Plenary Lectures

Plenary Lectures - Mathematics

  1. Ulrich Rüde (Erlangen-Nürnberg, Germany)
    Simulating Coupled Problems on a Million Processor Cores
    All modern computer architectures are parallel, not only supercomputers, but even works stations and smart phones. For technological and physical reasons the clock rate of processors cannot be increased further so that only the number of transistors on each chip keeps increasing. In consequence, parallel algorithms are required for all state-of-the-art computing. This is particularly true for demanding coupled systems in science and engineering. We will present two examples. The Earth Mantle is a spherical shell with a volume of a trillion (1012) cubic kilometers. Mantle convection can be modeled by an indefinite finite element problem. We will demonstrate that matrix free parallel multigrid methods can solve such systems with currently up to 1013 (ten trillion) degrees of freedom on almost half a million processor cores in compute times of a few minutes. A second example will be motivated by 3D printing as a modern additive manufacturing technology. We will show how the process can be simulated by a complex combination of rigid granular dynamics and lattice Boltzmann methods. The scenario involves the generation of a powder bed, controlled energy transfer with an electron beam, melting of the particles, flow of the molten metal, and solidification. With supercomputers, a direct numerical simulation is possible, i.e. representing the physics with full geometric and temporal resolution of each particle and modeling the melt flow subject to surface tension and contact angle conditions.

  2. László Székelyhidi (Leipzig, Germany)
    The h-principle in fluid mechanics: non-uniqueness and energy dissipation
    It is known since the pioneering work of Scheffer and Shnirelman in the 1990s that weak solutions of the incompressible Euler equations behave very differently from classical solutions, in a way that is very difficult to interpret from a physical point of view. Nevertheless, weak solutions in three space dimensions have been studied in connection with a long-standing conjecture of Lars Onsager from 1949 concerning anomalous dissipation and, more generally, because of their possible relevance to Kolmogorov’s K41 theory of turbulence.
    In joint work with Camillo De Lellis we established a connection between the theory of weak solutions of the Euler equations and the Nash-Kuiper theorem on rough isometric immersions. Through this connection we can interpret the wild behaviour of weak solutions of the Euler equations as an instance of Gromov's celebrated h-principle.
    In this lecture I will explain this connection and outline the most recent progress concerning Onsager's conjecture.

  3. Oliver Ernst (Chemnitz, Germany)
    Uncertainty Quantification: Propagation and Inference
    The dynamically growing scientific discipline of Uncertainty Quantification (UQ) addresses the numerous sources of uncertainty in complex simulations of scientific and engineering phenomena in order to assess the validity, reliability and robustness of the results of such simulations. In this regard, it represents a key enabling technology for what is now called Predictive Computational Science.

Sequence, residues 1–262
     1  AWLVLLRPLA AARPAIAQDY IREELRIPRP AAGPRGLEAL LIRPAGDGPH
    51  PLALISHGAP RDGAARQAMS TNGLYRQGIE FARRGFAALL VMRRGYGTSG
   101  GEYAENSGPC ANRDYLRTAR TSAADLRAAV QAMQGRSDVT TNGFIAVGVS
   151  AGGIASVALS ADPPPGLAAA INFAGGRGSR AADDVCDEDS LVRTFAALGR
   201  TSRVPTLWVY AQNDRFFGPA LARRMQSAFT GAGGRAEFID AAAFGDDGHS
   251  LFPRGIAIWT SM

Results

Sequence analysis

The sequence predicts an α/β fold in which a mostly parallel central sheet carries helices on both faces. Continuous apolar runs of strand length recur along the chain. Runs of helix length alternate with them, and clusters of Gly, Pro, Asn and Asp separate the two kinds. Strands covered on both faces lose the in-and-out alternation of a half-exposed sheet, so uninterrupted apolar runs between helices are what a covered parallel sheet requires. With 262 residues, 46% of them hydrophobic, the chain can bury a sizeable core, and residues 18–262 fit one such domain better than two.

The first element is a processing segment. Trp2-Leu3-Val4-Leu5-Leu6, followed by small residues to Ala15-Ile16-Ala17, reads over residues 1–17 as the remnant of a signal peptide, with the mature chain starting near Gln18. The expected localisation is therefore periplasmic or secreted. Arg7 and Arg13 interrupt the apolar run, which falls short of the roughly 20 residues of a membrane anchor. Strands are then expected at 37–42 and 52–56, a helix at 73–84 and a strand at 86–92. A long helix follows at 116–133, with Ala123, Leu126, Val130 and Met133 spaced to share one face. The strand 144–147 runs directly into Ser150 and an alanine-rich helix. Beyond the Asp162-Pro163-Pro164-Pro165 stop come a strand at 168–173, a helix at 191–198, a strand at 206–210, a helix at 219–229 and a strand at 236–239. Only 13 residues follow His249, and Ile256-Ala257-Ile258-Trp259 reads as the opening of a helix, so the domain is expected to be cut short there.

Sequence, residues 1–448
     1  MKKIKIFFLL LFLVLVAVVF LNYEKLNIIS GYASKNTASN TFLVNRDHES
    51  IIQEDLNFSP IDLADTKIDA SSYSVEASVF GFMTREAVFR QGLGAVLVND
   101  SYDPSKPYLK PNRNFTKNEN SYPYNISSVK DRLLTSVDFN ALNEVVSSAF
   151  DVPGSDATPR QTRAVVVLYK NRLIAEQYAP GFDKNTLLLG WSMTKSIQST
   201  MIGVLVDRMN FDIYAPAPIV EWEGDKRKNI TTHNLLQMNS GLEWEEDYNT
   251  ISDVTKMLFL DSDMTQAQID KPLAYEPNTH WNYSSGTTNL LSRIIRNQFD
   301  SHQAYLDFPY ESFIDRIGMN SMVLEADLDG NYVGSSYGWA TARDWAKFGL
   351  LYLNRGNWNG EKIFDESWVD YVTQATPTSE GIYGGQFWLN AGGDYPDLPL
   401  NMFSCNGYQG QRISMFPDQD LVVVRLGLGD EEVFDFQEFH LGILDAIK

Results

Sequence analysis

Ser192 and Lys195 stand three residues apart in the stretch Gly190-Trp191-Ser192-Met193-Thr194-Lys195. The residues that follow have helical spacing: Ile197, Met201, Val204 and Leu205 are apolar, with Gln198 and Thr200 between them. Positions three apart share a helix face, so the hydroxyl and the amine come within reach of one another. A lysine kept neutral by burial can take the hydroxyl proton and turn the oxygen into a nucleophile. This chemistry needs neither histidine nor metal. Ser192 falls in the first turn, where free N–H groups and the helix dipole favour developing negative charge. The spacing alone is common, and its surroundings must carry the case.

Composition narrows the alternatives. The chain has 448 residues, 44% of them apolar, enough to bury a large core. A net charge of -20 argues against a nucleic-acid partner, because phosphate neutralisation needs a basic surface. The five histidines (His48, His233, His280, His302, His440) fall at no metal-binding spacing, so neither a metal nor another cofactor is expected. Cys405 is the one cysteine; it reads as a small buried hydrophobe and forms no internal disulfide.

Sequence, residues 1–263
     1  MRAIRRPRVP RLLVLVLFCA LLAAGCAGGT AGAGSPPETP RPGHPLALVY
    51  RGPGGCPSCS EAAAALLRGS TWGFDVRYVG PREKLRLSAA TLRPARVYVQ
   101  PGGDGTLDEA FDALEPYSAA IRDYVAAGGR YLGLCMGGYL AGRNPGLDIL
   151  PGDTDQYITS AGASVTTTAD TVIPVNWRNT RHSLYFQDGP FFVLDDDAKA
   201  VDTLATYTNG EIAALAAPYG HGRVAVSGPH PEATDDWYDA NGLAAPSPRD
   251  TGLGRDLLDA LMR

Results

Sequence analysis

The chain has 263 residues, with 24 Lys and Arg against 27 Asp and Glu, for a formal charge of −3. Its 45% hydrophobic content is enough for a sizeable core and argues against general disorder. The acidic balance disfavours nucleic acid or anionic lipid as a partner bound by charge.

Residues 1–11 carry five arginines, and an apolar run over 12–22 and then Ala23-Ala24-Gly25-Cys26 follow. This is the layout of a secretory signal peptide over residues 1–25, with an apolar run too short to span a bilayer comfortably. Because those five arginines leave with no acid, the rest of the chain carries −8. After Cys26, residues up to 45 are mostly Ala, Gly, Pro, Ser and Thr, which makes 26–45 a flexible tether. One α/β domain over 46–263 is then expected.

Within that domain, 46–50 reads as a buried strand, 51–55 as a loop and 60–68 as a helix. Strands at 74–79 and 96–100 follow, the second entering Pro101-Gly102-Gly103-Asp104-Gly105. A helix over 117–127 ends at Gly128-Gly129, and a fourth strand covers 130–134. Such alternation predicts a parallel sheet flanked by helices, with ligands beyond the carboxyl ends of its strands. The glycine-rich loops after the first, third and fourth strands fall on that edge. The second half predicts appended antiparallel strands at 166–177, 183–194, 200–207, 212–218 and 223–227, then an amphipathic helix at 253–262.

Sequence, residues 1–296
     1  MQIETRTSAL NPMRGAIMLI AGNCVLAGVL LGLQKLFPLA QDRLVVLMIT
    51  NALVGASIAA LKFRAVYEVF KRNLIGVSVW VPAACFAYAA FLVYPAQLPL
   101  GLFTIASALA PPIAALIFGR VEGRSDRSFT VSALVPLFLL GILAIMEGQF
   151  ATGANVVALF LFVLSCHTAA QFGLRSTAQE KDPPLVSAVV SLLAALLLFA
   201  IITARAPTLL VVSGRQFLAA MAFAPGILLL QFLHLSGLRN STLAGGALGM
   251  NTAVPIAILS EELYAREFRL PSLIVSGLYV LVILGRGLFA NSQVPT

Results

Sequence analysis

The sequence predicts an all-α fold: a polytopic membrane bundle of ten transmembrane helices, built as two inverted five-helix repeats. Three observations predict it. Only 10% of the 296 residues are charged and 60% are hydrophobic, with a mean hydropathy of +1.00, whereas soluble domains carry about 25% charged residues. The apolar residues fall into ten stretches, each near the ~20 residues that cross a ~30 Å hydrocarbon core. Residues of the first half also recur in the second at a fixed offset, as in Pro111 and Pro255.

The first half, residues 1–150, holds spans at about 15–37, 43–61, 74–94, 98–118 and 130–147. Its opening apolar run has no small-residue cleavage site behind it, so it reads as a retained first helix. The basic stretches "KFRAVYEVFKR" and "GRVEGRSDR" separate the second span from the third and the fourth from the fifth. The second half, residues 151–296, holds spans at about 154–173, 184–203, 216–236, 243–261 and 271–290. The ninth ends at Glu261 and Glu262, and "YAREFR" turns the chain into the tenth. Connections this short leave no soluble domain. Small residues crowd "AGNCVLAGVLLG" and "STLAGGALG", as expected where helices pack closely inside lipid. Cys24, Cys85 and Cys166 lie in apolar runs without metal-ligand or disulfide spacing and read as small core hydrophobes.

In this talk we focus on two key UQ components. The first, uncertainty propagation, is concerned with solving a random differential equation, by which is meant a differential equation containing uncertain data modeled by a probability law. We highlight recent developments in collocation methods which address the situation where the uncertain data is parameterized by a countably infinite number of random parameters. In the second part of the talk we present numerical methods for performing Bayesian inference on such random data as a systematic way of merging observational data with a given probabilistic model. The challenge here is to efficiently sample from the posterior distribution in an infinite-dimensional state space with cost that is robust with respect to state space resolution and the variance of the observational noise.

  4. Jean-Michel Coron (Paris, France)
    On the stabilization of control systems
    A control system is a dynamical system on which one can act by using controls. For these systems a fundamental problem is the stabilization issue: Is it possible to stabilize a given unstable equilibrium by using suitable feedback laws? (Think to the classical experiment of an upturned broomstick on the tip of one's finger.) On this problem, we present some pioneer devices and works (Ctesibius, Watt, Maxwell, Lyapunov...), some more recent results, and an application to the regulation of the rivers La Sambre and La Meuse in Belgium. Highlights are put on time-varying feedback laws, hyperbolic 1-D hyperbolic systems as well as positive or negative effects of the nonlinearities.



Plenary Lectures - Mechanics  

  1. Stefan Diebels (Saarbrücken, Germany)
    Beyond uniaxial tension - current trends in experimental mechanics